Access to centrally held registers of potentially eligible patients was crucial to the success of recruitment into ASCEND. Although this required the transfer of patient-identifiable information from the register holder to the coordinating centre without the patient’s prior consent, existing legislation allows this to be done within a strict legal framework. Without access to these registries, more than 2000 GP practices would need to have been identified and, even if this had been possible, such an approach would have increased the costs and time to recruit significantly. Previous patient volunteer focus group work conducted by CTSU for other studies has confirmed that most patients find this approach acceptable, as long as robust information governance standards are adhered to.

In ASCEND, a small number of complaints were received about the transfer of data without consent. In the majority of cases, the complainant was unaware of the relevant legislation, and a simple verbal explanation of the process was sufficient to clarify any concerns, with many such individuals subsequently agreeing to join the trial. The complainant remained dissatisfied in only 28 cases (0.01 % of 300,188 people invited from centrally held registers) and requested removal of personal data from the study database. The coordinating centre had a standard operating procedure for such requests, which were acted on promptly. Whereas previous mail-based trials had successfully recruited from populations of healthcare professionals [58], ASCEND has demonstrated the acceptability of this approach in a general diabetic population.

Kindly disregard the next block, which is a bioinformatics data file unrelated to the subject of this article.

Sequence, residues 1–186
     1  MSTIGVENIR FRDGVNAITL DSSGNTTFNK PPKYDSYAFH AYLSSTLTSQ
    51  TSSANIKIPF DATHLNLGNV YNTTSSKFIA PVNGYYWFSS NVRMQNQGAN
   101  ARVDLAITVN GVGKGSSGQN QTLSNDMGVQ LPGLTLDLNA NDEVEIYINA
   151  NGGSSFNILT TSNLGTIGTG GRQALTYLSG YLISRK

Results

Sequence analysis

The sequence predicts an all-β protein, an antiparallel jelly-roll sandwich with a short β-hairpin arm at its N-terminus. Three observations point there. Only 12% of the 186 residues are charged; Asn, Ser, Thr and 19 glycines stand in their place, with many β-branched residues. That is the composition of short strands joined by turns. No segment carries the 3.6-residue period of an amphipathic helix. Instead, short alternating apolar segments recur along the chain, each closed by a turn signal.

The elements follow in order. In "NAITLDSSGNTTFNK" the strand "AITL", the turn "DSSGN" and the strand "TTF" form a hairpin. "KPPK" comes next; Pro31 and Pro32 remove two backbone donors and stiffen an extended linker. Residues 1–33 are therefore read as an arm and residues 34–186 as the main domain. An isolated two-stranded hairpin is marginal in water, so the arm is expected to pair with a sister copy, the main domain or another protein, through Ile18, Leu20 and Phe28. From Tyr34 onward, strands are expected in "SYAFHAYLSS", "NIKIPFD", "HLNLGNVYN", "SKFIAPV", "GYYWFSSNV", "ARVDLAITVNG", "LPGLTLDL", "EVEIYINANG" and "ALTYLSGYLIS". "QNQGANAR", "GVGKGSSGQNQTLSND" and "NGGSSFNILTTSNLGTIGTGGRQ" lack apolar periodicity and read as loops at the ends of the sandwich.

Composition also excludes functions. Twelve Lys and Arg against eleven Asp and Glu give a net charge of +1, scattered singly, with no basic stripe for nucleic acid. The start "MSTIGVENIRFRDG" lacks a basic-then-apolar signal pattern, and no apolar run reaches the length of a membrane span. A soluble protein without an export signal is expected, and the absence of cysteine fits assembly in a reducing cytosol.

Overall, less than one-third of those invited replied to the invitation to take part, and the majority of those who did reply declined to join the study. Other groups have reviewed possible methods to improve the response to postal and electronic questionnaires in order to identify effective strategies to improve recruitment to trials and epidemiological studies. A Cochrane review reported substantial heterogeneity among trials, evaluating more than 100 different approaches to increasing the response to postal questionnaires (typically for epidemiological studies) [11]. Strategies involving monetary incentives and the use of recorded delivery of the questionnaire appeared to be successful, approximately doubling the response rate to postal questionnaires. However, such approaches would add substantially to the cost of a large trial such as ASCEND. Furthermore, those recruited by means of financial incentives might not remain adequately compliant with follow-up and study treatment in longer-term studies. Sending reminders in ASCEND was an effective strategy, which substantially improved the response rate, without which, an additional 140,000 potentially eligible people would have needed to be invited.

Follow-up in ASCEND is ongoing, using mail-based approaches supplemented by central registry data. Study participants receive requests every 6 months for follow-up information. This can be provided either by means of a paper questionnaire, by telephone to the coordinating centre, or using a web-based interface via an internet browser, according to the individual’s preference. For participants who are no longer able or willing to complete questionnaires, follow-up information is obtained from their GP. Overall, good rates of follow-up are being achieved using these cost-effective methods. At present, approximately 95 % of all live study participants have follow-up information available from within the last 12 months, and efforts are ongoing to contact those participants for whom follow-up is due.